Diamond-Blackfan anemia (DBA)

Diamond-Blackfan anemia (DBA) is a condition in which the child has a low red cell count (anemia) due to a genetic problem that affects the ability of the body to make red blood cells

What causes DBA?

DBA is an inherited disease affecting the ability of special cells in the bone marrow to make healthy red blood cells (bone marrow failure syndrome). The most common gene defect involves RPS19, which affects the protein-manufacturing ability of those cells, but other gene defects have been found, and in a minority of patients no gene defect is identified.

How is DBA diagnosed?

DBA presents most commonly in the first year of life with increasing pallor (pale skin) due to anemia. Over one-third of patients also have congenital abnormalities, affecting the face, forearm, thumbs, kidneys, heart, and eyes.

The complete blood count (CBC) is a simple blood test that can be done in almost any medical lab. In DBA this shows severe anemia, with larger red cells, and fewer young red cells (reticulocytopenia), while the rest of the blood cells such as white cells and platelet cells are usually normal. Along with the physical appearance, this may be diagnostic, but a bone marrow aspiration is often done to confirm a lack of red cells.

Other special blood tests for confirmation include:

  • red cell enzyme (adenosine deaminase)
  • fetal hemoglobin
  • gene testing

How is DBA treated?

  • Corticosteroids (e.g. prednisone) is usually effective and the goal is to give a trial of an adequate dose for a month then gradually reduce to a low dose to avoid side effects which include fractures, cataracts, growth retardation, high BP and diabetes. Due to these side effects, steroids are not given to young children (less than 6-12 months of age) for whom blood transfusions are initially given. Once steroids are started, around 40% of patients will continue at a low dose, 40% will not respond or need too high a dose and be switched back to blood transfusions, and 20% will go into remission and be able to stop all treatments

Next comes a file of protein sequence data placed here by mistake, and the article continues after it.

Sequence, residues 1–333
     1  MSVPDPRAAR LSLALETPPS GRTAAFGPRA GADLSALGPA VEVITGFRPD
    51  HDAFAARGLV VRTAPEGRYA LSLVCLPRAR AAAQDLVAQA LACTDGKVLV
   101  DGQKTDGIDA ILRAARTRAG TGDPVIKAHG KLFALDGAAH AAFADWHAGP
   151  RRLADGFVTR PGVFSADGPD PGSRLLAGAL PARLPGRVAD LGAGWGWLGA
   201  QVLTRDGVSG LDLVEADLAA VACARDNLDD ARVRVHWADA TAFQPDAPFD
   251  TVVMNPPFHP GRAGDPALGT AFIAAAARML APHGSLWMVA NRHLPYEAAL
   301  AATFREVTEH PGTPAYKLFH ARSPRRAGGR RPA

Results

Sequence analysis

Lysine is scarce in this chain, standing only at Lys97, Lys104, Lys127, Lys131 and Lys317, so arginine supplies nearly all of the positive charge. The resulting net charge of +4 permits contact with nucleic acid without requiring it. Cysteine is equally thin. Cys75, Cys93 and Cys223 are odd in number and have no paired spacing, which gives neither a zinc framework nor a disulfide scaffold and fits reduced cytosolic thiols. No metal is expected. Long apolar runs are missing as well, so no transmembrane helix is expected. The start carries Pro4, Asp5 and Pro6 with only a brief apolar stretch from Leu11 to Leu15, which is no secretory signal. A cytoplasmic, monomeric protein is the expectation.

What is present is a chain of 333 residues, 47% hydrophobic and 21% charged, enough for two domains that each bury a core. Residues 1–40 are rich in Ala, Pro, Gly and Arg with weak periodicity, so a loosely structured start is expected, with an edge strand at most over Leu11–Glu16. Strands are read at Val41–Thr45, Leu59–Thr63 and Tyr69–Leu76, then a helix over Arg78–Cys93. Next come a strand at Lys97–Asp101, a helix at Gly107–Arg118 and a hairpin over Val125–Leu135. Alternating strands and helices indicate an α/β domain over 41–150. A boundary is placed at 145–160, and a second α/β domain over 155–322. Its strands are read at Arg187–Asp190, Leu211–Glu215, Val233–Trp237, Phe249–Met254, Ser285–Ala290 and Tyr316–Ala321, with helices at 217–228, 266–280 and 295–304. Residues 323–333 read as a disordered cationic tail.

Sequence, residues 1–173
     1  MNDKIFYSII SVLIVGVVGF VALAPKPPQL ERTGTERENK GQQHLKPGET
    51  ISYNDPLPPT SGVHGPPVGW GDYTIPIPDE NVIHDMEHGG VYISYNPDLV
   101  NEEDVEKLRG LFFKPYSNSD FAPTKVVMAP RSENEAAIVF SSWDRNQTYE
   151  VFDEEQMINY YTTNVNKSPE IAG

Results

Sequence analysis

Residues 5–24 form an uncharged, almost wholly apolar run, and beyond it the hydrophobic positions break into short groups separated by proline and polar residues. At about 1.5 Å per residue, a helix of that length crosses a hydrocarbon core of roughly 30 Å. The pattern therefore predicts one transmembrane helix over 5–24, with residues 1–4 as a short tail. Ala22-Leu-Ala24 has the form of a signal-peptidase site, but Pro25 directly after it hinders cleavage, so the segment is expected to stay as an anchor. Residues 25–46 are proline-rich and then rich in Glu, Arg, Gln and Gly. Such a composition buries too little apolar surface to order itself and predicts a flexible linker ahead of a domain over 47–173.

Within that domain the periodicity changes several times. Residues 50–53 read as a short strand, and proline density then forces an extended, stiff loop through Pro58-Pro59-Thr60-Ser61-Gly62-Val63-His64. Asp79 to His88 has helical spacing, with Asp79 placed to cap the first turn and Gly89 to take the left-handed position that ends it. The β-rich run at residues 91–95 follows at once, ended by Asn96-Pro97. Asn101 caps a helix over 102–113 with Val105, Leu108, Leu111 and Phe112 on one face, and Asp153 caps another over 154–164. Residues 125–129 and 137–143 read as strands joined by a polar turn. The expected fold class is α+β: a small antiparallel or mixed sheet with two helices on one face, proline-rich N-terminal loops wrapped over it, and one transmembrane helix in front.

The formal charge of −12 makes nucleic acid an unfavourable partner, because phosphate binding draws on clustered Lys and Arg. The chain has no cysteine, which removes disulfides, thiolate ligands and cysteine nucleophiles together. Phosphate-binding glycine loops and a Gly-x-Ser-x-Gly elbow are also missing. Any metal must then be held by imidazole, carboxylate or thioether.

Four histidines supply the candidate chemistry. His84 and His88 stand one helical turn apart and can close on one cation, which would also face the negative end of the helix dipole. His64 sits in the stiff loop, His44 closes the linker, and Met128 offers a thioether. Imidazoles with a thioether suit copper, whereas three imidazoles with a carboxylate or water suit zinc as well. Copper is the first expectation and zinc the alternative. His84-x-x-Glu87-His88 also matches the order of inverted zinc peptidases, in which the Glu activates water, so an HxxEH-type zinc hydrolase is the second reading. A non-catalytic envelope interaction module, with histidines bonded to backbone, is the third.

• Blood transfusions are given to patients below 12 months of age, and those who do not respond or are needing too high a dose of steroid, to avoid the side effects of steroid. Chelation with deferasirox is essential with chronic transfusions to avoid organ (liver, heart) overload with iron.
  • Bone marrow transplantation should be considered for patients who have an HLAmatched related donor, especially if are transfusion-dependent and under 5-10 years of age.

Can future children get DBA?

DBA is an inherited disorder, so there is a definite risk, which may be as high as 50%. Professional genetic counselling is essential because the risk of recurrence will depend on whether either of the parents have the same gene defect or evidence of DBA. If a mutation is identified in the family (e.g. RPS19) prenatal diagnosis is possible as well as preimplantation genetic diagnosis (PGD) to reduce the risk of another affected child, your counsellor will discuss these options with you in more detail.

How often do I have to see the haematologist?

Typically a history and physical examination with blood count monitoring is done at 3–6 month intervals in patients who are stable. Patients who are weaning their steroid may need to be seen more frequently. Patients receiving blood transfusions should be monitored monthly with a clinic visit 3 monthly.

What are long-term outcomes for DBA?

With advances in supportive care, blood transfusion, steroid therapy, and BMT, patients are now surviving late into adulthood in US/Europe. There is a slightly increased risk for blood cancers and complete bone marrow failure so ongoing follow up is needed. Women with DBA who wish to become pregnant need to be followed at specialty centers as there is an increased risk to the fetus, and a possibility that the newborn might have DBA. Steroidresponsive women also often become transfusion-dependent during pregnancy.

Where can I get more information on DBA?

DBA is an extremely rare condition impacting only 100 new patients each year in India.Some recognized online resources from the U.S.A. which might be helpful: